Beyond Belief Sobriety is a podcast that explores topics of interest to people who are seeking or who have found a secular path to recovery from addictions of all kinds. We got our start in September 2015 as “AA Beyond Belief”, and during our early years, we were podcasting about issues specific to agnostics, atheists, and freethinking members of Alcoholics Anonymous. Our episodes focused primarily on the personal stories of AA members who worked the 12-Step program from a purely secular and practical interpretation. Over time, our interests expanded to addictive behaviors other than alcohol use disorder, and in secular recovery options other than 12-Step programs. So, in January 2021, we changed the name of the podcast from “AA Beyond Belief” to “Beyond Belief Sobriety”, to better reflect our expanded subject matter.
We started our YouTube Channel as an alternative platform for posting our audio content. However, we soon became interested in live-streaming and producing video content, which is now the channel’s focus. You can find video versions of our podcast episodes, as well as videos that provide information and resources helpful to those seeking a secular path to addiction recovery.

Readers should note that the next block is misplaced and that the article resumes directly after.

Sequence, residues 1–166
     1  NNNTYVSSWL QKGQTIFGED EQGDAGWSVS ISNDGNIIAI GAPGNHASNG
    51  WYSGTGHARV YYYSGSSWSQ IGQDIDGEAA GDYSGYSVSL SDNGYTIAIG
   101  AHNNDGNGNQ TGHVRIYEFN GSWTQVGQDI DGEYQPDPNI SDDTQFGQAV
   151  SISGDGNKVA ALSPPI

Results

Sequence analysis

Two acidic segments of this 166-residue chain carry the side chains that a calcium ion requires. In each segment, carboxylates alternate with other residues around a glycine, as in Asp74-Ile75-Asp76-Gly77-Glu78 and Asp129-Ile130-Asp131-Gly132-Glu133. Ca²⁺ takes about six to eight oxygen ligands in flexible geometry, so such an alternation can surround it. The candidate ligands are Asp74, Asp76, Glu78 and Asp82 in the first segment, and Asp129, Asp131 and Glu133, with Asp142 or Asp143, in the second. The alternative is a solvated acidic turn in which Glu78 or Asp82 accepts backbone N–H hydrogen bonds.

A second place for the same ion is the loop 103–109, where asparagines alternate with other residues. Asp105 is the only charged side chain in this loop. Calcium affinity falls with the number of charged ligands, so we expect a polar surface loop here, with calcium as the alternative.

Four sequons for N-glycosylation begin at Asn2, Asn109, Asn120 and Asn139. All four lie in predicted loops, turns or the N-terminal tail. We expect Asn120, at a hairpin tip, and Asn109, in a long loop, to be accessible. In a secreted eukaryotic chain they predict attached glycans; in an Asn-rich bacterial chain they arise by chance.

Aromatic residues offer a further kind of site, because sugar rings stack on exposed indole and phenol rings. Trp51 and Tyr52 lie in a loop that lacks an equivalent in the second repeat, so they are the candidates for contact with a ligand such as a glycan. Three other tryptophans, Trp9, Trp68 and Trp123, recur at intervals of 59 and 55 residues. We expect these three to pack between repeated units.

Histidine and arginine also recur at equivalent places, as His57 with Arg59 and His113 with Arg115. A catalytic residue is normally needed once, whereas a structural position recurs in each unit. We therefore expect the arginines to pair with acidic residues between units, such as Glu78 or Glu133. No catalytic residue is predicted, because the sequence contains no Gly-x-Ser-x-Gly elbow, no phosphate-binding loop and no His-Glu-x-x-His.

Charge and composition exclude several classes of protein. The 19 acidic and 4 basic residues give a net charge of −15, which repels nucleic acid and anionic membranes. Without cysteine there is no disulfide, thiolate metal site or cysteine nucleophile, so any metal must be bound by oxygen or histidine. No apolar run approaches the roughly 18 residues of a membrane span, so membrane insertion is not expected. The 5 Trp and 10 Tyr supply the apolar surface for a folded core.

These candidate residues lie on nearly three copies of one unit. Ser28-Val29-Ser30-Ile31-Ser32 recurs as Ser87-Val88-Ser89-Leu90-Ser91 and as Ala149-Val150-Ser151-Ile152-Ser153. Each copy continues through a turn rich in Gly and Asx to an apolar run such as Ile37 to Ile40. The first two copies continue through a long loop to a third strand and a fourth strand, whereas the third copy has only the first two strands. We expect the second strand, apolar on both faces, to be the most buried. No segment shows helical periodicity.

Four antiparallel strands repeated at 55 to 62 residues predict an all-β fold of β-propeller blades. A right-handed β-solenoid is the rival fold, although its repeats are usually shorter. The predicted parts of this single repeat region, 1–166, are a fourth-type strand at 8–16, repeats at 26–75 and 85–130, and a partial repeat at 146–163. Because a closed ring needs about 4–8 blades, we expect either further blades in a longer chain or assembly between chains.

Beyond Belief Sobriety features personal recovery stories and interviews with authors and experts in addiction science. We also highlight mutual aid groups that provide secular support for people in recovery. These groups include secular meetings of Alcoholics Anonymous, LifeRing, SMART Recovery, Women for Sobriety, and groups without any particular affiliation. We also have episodes that showcase support options for the family and friends of people in recovery.
John Sheldon is the creator and host of the Beyond Belief Sobriety podcast. He is a person in long-term recovery, a Certified Peer Specialist in the State of Missouri, and he has completed training to become a meeting facilitator for SMART Recovery. His interest in secular options to recovery began after he came out as an atheist in AA and found that other AA members were not accepting of his secular and practical interpretation of the 12-Steps. In August of 2014, after learning about secularly-formatted AA meetings, John helped start a secular AA meeting in his community. Today, he remains involved in the recovery community, and is interested in exploring the many paths available for people in recovery.